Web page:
Dear Friends of Drama,
This past year has been an especially challenging one. Like the rest of the country and world, the UW School of Drama has been upended by the COVID-19 pandemic, and the suffering and sadness that it has produced. Moreover, in recent weeks, the murders of George Floyd, Breonna Taylor, Ahmaud Arbery, and others at the hands of police and white supremacists have further laid bare the tremendous racial inequalities that structure American society. It has been a time of grief and justified outrage.
Amid these dual crises, I have been impressed by the School’s resilience and openness to deep reflection. In the space of a few days in mid-March, we pivoted from learning, teaching, and working in-person to being entirely remote. School productions, sadly, were cancelled but instruction continued. Amazingly, we only withdrew one course in spring. All others – from the history of Broadway to intermediate acting – took place online. That shift required flexibility, creativity, and a lot of hard work. I am so proud and appreciative of what students, faculty, and staff accomplished amid unexpected and stressful circumstances.
The anti-racist protests of recent weeks have prompted honest and difficult conversations about structural racism – in the past and present – at the University of Washington and in the School of Drama. In response, School leadership has developed an Anti-Racist Action Plan. I encourage you to read it to see how, moving forward, the School will work to dismantle racism in its classrooms, offices, and shops, and on its stages.
Without doubt, the School is in a period of transition. It’s a time when students, faculty, and staff are rethinking how to make our Drama community more equitable and more interconnected, and how best to develop artists and scholars who are innovative, courageous, and ready to lead theatre through the 21st century. This rethinking has entailed expanding our undergraduate curriculum to include new courses in visual thinking, creative leadership, and collaboration and inclusion, and realigning the learning goals in already-existing courses. It has also meant revisiting the structure of our MFA programs and PhD program with the aim of enhancing cross-fertilization between them. We have also been working to enhance communication and transparency by involving a broader range of stakeholders in curriculum, season selection, production, and hiring decisions.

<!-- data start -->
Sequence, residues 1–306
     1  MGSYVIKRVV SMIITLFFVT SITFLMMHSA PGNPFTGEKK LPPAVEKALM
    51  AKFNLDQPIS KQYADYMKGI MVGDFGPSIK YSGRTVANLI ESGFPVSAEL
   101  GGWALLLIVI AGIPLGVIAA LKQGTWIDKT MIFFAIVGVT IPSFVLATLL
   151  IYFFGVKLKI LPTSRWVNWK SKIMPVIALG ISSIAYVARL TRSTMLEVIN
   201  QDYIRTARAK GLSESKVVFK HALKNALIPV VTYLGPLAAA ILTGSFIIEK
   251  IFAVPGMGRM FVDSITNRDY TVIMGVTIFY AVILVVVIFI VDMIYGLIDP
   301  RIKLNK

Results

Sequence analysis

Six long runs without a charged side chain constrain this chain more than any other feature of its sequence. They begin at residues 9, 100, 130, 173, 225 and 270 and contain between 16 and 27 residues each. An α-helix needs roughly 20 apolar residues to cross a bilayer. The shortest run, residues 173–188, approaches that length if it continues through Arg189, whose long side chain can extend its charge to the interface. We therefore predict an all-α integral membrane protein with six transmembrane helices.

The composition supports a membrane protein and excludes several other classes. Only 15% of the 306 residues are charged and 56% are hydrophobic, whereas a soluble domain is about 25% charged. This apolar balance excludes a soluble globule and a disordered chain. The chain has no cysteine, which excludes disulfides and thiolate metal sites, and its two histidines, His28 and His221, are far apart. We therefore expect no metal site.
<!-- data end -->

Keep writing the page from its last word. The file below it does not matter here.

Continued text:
Another feature of this transition period is faculty and staff departures and new appointments. In spring, esteemed faculty members Professor Tim Bond (also an MFA directing alum) and Senior Lecturer L. Zane Jones departed UW to pursue new professional opportunities in California and New Mexico. We will miss their many contributions but wish them the very best in their new endeavors. This month renowned scenic designer Professor Tom Lynch retired after teaching in the School for 15 years. We look forward to next year when we will be able to celebrate his many professional achievements in-person. Three long-serving and much appreciated staff members also retired this year: Production Manager Anne Stewart, Costume Shop Manager Josie Gardner, and Scenic Carpenter Alan Weldin. We had a memorable send off for them in December in the Scene Shop, and were very grateful that many of you could join us.
Five new staff members hired over the past two years have brought new energy and fresh ideas to the School. They are Administrative Assistant Maritza Ogarro, Constituent Relations Officer Caroline Rensel, Sound Technician MuTTT, Administrator Tina Swenson, and Production Manager Ryan Gastelum. Next year, we are very excited to welcome two new faculty members in acting, directing, and design: Assistant Professor Libby King and Assistant Professor Adrienne Mackey. Libby joins us from the TEAM in New York City while Adrienne is the founding artistic director of Swim Pony in Philadelphia.
This summer my two-year term as Interim Executive Director will come to end and I’ll be returning to my regular faculty position in the Department of History. Serving in Drama connected me to a new community of wonderful people at the University of Washington. Beyond making new friends, one of the real pleasures of this position has been witnessing the months of imagination, rehearsal, and skilled labor – especially in the costume and scene shops – that enable dazzling opening nights. Another pleasure has been learning that many theatre artists and scholars share with historians a commitment to delving into the injustices and complexities of the past in order to better understand the problems and possibilities of the present.
The UW School of Drama has a bright future ahead. Drama’s students, faculty, and staff are resilient, dedicated, and enormously creative while its alumni and friends are engaged and generous. Working with all of you has been deeply inspiring for me.
Lynn M. Thomas
Interim Executive Director, UW School of Drama